Sanofi shores up neuro pipeline with deal for brain-penetrating Parkinson’s drug – MedCity News


Parkinson’s disease has been a missing piece of Sanofi’s pipeline since it exited a gene therapy partnership several years ago, but the pharmaceutical giant is trying again, this time striking a deal for a bispecific antibody designed to penetrate into the brain. Sanofi has agreed to pay $75 million for global rights to the preclinical asset from ABL Bio.

According to the terms of the deal, South Korea-based ABL will lead preclinical and Phase 1 development of the drug, ABL301. After that point, Sanofi will take over further clinical development. If the drug wins regulatory approvals, Sanofi will lead commercialization of the drug worldwide. The $75 million sum is an upfront payment. ABL could earn up to $985 million pegged to the achievement of milestones. The South Korean company would also receive royalties from Sanofi’s sales of the drug.

The target of ABL301 is alpha synuclein, a brain protein. In Parkinson’s patients, misfolded versions of this protein cause a buildup that’s associated with the progression of the disease. The ABL drug has two components: an antibody that targets and breaks up alpha synuclein and a protein that shuttles the entire molecule across the blood-brain barrier. According to ABL, preclinical research showed the drug was able to penetrate into the brains of in rodents and monkeys more efficiently than an alpha synuclein-targeting antibody alone. This capability enabled the drug to reduce aggregations of the problem protein in a Parkinson’s disease mouse model.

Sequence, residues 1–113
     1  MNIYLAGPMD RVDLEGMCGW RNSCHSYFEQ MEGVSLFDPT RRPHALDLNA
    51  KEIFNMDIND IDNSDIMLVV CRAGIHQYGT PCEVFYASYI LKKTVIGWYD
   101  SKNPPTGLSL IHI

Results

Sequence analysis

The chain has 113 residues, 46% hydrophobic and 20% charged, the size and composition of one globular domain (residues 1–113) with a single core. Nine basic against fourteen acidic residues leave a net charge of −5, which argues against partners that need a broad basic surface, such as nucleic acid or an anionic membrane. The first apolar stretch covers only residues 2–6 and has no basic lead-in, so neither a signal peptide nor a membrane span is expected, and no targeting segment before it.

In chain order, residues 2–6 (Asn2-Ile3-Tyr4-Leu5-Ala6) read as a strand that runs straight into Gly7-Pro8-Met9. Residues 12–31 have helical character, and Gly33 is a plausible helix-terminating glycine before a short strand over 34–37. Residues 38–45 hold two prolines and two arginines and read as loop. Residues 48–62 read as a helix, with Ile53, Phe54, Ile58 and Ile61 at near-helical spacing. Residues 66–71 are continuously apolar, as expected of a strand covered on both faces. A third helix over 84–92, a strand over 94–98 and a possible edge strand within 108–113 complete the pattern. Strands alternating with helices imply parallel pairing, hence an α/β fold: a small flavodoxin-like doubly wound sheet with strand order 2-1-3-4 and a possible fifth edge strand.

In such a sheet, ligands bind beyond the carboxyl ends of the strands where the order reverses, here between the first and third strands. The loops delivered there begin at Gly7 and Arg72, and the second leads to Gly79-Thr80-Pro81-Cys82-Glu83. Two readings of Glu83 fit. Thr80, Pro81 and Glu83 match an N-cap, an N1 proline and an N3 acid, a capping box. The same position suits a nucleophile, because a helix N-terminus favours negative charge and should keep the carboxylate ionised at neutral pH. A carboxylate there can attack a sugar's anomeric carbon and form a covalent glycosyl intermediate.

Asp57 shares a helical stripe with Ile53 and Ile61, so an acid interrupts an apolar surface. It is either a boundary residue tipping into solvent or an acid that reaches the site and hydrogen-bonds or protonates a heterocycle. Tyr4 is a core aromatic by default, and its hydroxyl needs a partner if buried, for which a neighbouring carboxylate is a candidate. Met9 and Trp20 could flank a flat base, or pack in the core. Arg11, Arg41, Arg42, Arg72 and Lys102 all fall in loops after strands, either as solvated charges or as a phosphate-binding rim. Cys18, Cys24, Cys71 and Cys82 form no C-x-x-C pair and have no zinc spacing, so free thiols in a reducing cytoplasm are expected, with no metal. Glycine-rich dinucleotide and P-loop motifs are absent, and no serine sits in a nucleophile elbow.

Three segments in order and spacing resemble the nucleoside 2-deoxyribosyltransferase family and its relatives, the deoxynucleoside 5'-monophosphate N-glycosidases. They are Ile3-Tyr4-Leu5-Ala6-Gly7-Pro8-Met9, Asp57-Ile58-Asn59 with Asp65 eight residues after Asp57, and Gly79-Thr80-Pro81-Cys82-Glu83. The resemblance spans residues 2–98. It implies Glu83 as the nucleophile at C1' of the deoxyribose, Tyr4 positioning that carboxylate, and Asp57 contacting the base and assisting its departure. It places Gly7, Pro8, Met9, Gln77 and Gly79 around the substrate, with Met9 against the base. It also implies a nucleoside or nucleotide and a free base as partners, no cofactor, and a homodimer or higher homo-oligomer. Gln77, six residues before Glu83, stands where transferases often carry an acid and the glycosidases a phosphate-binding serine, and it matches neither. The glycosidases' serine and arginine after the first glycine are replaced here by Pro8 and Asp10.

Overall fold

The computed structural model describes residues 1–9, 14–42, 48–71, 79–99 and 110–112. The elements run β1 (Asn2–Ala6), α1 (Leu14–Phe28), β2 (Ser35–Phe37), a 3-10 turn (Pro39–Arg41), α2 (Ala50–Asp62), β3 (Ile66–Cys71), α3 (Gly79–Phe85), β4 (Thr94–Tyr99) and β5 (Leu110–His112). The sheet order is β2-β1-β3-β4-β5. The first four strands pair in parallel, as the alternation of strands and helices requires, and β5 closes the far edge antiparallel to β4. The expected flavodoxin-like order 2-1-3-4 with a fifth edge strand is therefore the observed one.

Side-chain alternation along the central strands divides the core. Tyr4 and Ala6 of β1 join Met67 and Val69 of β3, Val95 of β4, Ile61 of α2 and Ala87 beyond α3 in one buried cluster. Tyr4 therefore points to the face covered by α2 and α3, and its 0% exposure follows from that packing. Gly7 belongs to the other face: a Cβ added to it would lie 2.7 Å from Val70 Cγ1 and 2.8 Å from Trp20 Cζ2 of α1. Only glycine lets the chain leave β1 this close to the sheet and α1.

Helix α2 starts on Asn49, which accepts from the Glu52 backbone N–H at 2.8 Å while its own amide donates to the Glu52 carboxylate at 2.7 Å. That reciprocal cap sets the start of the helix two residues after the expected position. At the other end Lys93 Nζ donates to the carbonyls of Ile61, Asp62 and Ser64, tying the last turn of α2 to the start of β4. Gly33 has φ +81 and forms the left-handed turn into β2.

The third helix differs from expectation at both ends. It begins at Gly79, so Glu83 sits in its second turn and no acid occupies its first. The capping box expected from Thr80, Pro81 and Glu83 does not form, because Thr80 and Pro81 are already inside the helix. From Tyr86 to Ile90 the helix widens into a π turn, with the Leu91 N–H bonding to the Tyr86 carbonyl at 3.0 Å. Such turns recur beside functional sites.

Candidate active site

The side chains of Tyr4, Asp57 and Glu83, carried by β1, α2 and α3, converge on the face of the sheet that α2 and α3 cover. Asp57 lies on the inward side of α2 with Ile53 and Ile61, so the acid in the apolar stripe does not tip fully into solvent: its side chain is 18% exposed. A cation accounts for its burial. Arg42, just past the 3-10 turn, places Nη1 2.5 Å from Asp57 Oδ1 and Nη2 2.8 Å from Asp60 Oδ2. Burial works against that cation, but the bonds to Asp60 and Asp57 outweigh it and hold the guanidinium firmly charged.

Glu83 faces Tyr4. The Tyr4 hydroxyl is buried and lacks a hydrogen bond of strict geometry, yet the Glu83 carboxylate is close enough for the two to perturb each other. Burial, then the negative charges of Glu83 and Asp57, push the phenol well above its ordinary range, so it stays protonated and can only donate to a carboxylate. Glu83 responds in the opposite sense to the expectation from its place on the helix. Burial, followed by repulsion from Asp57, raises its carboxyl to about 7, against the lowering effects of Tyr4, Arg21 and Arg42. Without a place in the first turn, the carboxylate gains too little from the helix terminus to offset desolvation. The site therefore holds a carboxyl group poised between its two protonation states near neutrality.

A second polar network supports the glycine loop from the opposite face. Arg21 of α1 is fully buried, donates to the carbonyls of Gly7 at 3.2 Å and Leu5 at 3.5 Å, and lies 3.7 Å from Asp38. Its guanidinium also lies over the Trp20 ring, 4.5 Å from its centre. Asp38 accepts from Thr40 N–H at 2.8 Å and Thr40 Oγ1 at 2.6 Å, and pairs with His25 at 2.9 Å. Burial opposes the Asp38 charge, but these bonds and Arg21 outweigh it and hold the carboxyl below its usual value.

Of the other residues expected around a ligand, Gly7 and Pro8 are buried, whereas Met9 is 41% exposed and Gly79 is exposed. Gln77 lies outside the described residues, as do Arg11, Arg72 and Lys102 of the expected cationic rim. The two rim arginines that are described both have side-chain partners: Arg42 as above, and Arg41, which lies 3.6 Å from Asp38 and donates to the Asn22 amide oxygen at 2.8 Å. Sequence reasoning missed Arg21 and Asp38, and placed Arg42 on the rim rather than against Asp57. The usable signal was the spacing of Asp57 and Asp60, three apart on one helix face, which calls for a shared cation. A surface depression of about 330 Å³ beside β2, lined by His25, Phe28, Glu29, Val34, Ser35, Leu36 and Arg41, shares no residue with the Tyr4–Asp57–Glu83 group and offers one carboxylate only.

Drug developers are taking various approaches to tackling alpha synuclein, and the progress of experimental therapies has led to several deals in the past year. Last summer, AC Immune acquired assets from Affris, including a therapeutic vaccine candidate for Parkinson’s. Antibody drugs from Alector are now being developed with GlaxoSmithKline in a partnership that spans both Parkinson’s and Alzheimer’s disease. In September, biotech startup Vanqua Bio emerged from stealth with small molecules in development to treat a subset of Parkinson’s patients who have a rare genetic mutation. And last month, Novartis agreed to pay UCB $150 million up front to partner in the development of two Parkinson’s drugs, a small molecule and an antibody, both of which are designed to target alpha synuclein.

Sanofi has previously pinned its Parkinson’s hopes on a Voyager Therapy gene therapy. In 2015, the pharma giant paid $100 million up front in a multi-therapy pact covering several brain disorders, including Parkinson’s. Two years later, Sanofi returned the rights to the Parkinson’s gene therapy. In 2019, Sanofi ended the partnership with Voyager. Sanofi’s neurology pipeline currently includes programs in amyotrophic lateral sclerosis, multiple sclerosis, and chronic inflammatory demyelinating polyradiculoneuropathy.

The ABL technology that shuttles an antibody across the blood-brain barrier is a platform that the biotech calls Grabody-B. The deal with Sanofi only covers its applications in Parkinson’s.

“This groundbreaking partnership with Sanofi proves the immense possibilities of ABL’s innovative bispecific antibody technology,” Sang Hoon Lee, CEO of ABL, said in a prepared statement. “We will continue to develop our Grabody-B platform and expand its applicability in other neurodegenerative diseases, such as Alzheimer’s, to contribute to improving the lives of patients worldwide.”

Photo: SIphotography, Getty Images


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